(A passage in one of Schumann’s piano sonatas is marked “As fast as possible,” and is followed a few bars later by another admonition, “Faster,” and then, “Faster still.” Yes!)
A conversation with a friend (feel better, A.!) reminded me of Carmen Blacker’s brilliant The Catalpa Bow: A Study of Shamanistic Practices in Japan (1975). Blacker led an amazing life; born in England and fluent in Japanese at 18 in the middle of World War II, she worked at Bletchley Park compiling Japanese terms for the statistical analysis of encrypted messages. (She hated the work, not least because she was paid less than everyone else, penalized for being a woman and young.) She befriended the great Sinologist Arthur Waley – two infinitely shy, awkward people, almost perfectly intellectually compatible – who brought her into the world of Chinese literature. Her beloved paternal grandfather Carlos Blacker was dubbed by Oscar Wilde “the best dressed man in London” (like Usain Bolt saying you’re pretty damn fast), and Carmen herself often dressed entirely in red. One can picture her, in her twenties as she studied at Somerville in the late 1940s, playing the harpsichord, “well balanced, hard-headed,” popping scarlet out of the grey rain and black umbrellas like a sudden jet of flame. In Japan in the early 1950s, she spent a season living in the teahouse of the novelist Osaragi Jirō (who so loved cats that a portion of his income as a writer went to feeding about 500 feral and stray cats in his neighborhood in Kamakura), reading Japanese intellectual history and sitting zazen. Even then, her life’s work had begun to take shape: to document and describe the shamanistic tradition, both in folklore and in practice, that was vanishing in postwar Japan.
Her papers and articles are marvelous, but her masterpiece is The Catalpa Bow. Writing it took years: she interviewed pilgrims, monks, healers and the healed, and participated in ascetic practices in temples, shrines, lakes, and mountaintops (she was an avid mountain climber). Virtually everything in the book is fascinating, but one of my favorite passages is a brief mention of the practice of tree-eating self-mummification:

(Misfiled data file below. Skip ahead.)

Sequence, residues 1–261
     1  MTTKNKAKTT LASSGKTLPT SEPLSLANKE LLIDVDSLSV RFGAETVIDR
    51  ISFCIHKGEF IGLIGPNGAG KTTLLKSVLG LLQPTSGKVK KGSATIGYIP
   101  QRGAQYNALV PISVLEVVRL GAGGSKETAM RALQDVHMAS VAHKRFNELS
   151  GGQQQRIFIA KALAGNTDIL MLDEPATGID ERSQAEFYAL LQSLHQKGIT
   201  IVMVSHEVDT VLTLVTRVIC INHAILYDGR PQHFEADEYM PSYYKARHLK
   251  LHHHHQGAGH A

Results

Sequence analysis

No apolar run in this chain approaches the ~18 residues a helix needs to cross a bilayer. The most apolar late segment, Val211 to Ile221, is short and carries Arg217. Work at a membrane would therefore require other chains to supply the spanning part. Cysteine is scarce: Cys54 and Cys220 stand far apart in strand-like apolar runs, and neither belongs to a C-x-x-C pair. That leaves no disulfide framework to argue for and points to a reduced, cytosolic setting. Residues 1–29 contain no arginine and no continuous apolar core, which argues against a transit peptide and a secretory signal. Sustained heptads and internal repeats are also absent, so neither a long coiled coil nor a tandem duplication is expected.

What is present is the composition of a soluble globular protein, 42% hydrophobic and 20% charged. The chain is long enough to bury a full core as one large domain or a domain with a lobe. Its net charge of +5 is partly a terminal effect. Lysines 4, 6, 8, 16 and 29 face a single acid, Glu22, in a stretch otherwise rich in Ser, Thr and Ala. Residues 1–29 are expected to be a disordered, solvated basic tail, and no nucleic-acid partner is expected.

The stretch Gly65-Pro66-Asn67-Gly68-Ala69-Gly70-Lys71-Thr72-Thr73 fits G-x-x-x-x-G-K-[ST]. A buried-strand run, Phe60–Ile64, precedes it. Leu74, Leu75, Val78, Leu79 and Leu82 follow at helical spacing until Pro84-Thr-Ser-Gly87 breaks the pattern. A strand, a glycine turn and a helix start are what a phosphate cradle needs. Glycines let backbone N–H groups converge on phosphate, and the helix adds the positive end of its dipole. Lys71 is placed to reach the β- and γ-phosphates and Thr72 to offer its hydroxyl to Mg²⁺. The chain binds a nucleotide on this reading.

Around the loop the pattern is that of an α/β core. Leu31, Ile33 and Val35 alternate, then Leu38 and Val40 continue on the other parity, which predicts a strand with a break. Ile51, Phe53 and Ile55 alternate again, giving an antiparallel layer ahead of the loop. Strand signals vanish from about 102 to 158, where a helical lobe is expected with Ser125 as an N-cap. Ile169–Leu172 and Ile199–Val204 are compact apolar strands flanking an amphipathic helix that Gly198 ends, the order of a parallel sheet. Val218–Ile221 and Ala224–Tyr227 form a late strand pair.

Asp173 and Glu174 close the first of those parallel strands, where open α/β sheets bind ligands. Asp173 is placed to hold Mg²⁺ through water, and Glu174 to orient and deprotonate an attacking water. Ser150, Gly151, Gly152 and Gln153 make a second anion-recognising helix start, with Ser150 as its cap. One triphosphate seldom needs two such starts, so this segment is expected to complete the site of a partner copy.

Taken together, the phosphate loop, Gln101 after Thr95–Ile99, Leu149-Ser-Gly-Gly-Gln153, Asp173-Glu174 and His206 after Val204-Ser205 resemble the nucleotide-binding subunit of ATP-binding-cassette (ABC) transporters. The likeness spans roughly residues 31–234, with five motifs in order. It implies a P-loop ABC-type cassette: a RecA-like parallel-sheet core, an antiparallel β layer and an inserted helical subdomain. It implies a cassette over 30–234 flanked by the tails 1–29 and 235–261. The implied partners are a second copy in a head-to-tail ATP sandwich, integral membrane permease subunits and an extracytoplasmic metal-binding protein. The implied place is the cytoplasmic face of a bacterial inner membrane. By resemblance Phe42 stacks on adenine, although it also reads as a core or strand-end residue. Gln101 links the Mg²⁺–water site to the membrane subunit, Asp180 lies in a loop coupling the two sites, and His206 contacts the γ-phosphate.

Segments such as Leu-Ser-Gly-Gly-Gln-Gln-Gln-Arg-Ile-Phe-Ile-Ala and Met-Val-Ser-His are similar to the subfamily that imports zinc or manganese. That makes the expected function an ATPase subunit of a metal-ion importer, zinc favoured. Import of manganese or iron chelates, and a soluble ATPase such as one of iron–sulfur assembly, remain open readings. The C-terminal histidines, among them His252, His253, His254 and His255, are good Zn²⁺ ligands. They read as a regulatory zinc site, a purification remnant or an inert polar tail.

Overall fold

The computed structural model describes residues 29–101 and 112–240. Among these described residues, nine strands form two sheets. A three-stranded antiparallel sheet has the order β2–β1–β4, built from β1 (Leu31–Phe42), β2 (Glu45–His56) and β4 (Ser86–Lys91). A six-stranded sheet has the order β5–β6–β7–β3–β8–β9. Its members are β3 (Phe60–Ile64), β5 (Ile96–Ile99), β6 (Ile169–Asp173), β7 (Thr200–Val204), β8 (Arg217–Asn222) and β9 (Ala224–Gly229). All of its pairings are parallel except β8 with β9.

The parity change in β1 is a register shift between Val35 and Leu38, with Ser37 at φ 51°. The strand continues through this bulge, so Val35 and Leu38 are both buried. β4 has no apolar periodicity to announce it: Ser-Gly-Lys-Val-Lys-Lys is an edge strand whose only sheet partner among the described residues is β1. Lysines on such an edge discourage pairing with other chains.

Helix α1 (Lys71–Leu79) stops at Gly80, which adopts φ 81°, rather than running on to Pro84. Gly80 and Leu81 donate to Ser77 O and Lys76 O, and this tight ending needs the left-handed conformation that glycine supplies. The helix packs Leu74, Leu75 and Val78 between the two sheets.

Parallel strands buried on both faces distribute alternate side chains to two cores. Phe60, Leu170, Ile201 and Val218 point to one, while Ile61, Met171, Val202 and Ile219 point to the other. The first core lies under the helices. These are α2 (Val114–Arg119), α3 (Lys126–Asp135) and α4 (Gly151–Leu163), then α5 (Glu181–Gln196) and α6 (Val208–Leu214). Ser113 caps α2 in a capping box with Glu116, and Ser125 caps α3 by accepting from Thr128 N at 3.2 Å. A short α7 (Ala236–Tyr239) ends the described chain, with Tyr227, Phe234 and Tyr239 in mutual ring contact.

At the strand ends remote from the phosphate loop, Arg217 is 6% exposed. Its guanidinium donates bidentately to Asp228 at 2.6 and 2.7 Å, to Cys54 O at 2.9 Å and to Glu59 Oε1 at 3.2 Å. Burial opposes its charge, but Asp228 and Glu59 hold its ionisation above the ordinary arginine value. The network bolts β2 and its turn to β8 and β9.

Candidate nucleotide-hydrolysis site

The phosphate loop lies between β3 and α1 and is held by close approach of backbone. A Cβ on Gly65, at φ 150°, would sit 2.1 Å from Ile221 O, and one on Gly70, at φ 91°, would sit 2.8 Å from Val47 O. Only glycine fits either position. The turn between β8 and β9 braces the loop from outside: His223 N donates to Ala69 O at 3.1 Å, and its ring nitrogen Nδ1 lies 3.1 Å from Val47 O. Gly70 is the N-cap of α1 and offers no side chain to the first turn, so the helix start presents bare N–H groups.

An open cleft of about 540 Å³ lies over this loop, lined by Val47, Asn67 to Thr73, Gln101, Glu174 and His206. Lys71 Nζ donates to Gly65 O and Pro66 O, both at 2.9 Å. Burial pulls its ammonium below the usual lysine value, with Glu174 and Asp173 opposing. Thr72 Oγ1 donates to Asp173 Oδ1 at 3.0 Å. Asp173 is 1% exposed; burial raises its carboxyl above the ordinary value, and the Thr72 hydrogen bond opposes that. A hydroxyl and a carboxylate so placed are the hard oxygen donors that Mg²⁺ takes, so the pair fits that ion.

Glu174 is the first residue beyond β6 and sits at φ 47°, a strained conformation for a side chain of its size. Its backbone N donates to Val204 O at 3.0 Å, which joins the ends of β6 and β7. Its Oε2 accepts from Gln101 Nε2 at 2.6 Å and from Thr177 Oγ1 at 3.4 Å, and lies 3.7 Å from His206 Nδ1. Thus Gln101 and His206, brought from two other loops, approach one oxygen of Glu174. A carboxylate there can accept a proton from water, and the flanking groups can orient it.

“To fill the gap left by the abstention from cereals [by Buddhist monks] there arose the practice known as mokujiki or tree-eating. Give up rice, wheat, millet and barley and you substitute nuts, berries, bark or pine needles. The title Mokujiki Shōnin, Saint Tree-Eater, has been applied to a number of ascetics since medieval times …” The practice of tree-eating was connected to self-mummification, sokushimbutsu, in a particular sect based on Mt. Yudono, wherein the ascetic vows to abide by the tree-eating austerity for a number of thousands of days, with the quantities of food gradually reduced. The goal is to die from starvation, upright in his lotus posture, on the last day of his avowed fast. (Then they bury him for three years, and exhume him to see if he has dried into a mummy’s body.) “These brown and desiccated figures, gruesomely arrayed in the brilliant robes appropriate to a Buddhist abbot, cap on head, rosary in hand, are seated in their temple in the position customarily reserved for the Buddha image.”
(Yokoyama Toshio remembers trying to catch up to Blacker during a climb on Mt. Tsurugi: “I had to try my very best to follow the fluttering lower ends of Carmen’s trousers that were occasionally visible ever further off through gaps in the increasingly dense clouds.”)
Boris with Michio Kurihara, “Fuzzy Reactor,” off Rainbow. The perfect song for a shimmering, sun-saturated day when everything unfolds in slow motion. Music for caustics, my favorite kind of light: it’s the flower of light that blooms every time you set a glass of water down on a sunlit table, the veins of light running through a rain-streaked window, the loose skeins of rippling light on the bottom of a pool. (A rainbow is actually a kind of caustic.)
Did you know there are vaping exhalation tricks? And vape exhalation competitions? And twenty minute how-to videos for getting “big clouds”? If you’ve ever wanted to watch a music video about a guy “cloud chasing” in a parking garage, you’re in luck.
(On a personal note, the new book from me & Helen is in the MIT Press fall catalog, which is pretty exciting. Also my friend Hui-Hui’s wonderful book A Prehistory of the Cloud, on p. 43! Both out in late August. )
(Thanks for reading, as ever.)
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